On Dec. 29,1989, the Czechoslovakian parliament elected dissident playwright-turned-politician Václav Havel to be the country’s first non-Communist president since 1948. Havel, 53, who spent five years in prison for his political beliefs, heads an interim government until multiparty elections on June 8. Maclean’s Correspondent Sonja Sinclair, who immigrated to Canada from Czechoslovakia in 1939, interviewed Havel in their native tongue earlier this month at the presidential retreat outside Prague. Excerpts-.
Maclean’s: On April 9, you met with representatives of Central and Eastern European countries in Bratislava, the capital of Slovakia. What kind of relationship are you attempting to forge with those countries?
Havel: All of Europe is in a state of flux and, looking ahead five or 15 years, we must be concerned about Czechoslovakia’s role in this new Europe. The meeting in Bratislava was unconventional in that, in addition to the heads of state and the foreign ministers of Czechoslovakia, Poland and Hungary, it was also attended by the foreign ministers of three other countries [Italy, Austria and Yugoslavia], plus representatives of political parties and factions which may, some day, succeed to positions of power. Everybody agreed that we should work towards solutions to our problems, possibly on the basis of bilateral economic agreements, and that we will try to arrive at a common declaration of principles concerning the future integration of Europe, and concerning ways in which countries that have been isolated by the Iron Curtain from the free part of Europe might gradually become part of the European community.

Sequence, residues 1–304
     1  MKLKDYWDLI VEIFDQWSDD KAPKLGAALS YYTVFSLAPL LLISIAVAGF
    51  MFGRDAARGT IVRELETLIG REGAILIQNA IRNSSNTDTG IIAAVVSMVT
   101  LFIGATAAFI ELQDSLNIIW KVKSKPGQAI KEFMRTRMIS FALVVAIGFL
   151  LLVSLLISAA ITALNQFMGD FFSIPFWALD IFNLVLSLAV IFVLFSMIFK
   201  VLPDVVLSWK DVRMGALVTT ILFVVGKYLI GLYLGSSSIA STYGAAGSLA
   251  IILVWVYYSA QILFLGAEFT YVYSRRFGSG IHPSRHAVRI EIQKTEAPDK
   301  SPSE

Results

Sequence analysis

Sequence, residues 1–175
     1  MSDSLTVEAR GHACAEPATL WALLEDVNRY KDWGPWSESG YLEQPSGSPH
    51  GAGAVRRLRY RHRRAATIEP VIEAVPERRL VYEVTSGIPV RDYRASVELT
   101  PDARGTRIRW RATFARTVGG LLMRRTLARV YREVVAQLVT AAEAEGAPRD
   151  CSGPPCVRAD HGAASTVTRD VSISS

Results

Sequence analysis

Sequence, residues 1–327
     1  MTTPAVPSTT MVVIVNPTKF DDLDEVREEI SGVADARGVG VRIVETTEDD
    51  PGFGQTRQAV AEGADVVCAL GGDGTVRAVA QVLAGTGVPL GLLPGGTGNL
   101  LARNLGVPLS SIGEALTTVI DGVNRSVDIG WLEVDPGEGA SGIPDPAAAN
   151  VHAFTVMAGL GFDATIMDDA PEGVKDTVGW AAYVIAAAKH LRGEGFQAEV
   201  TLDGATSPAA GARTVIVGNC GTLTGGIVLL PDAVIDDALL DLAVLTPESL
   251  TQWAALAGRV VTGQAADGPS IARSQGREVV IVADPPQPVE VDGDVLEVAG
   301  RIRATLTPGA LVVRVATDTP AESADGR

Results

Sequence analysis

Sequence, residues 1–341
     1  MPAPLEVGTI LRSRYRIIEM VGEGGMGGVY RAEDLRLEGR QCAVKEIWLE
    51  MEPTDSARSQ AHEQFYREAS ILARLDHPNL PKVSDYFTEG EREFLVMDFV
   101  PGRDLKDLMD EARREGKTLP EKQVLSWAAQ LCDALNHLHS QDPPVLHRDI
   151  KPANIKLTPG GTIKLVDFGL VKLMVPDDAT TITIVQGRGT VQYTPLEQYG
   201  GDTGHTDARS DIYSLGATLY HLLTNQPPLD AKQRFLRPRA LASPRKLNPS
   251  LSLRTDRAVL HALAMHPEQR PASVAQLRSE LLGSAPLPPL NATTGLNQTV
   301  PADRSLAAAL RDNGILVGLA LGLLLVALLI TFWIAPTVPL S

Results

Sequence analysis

Maclean’s: So you are talking about an allEuropean federation rather than just those countries that were represented at the meeting. Havel: I am talking about various stages of a gradual integration of Europe. Let’s say that a federation of all of Europe is our ultimate goal, although presumably a fairly distant one. As far as those countries are concerned that have had, until recently, a totalitarian regime, we use the word ‘co-ordination.’ In other words, we should co-ordinate our initiatives rather than trying to outdo each other, help each other so that all of us will have a better chance to succeed.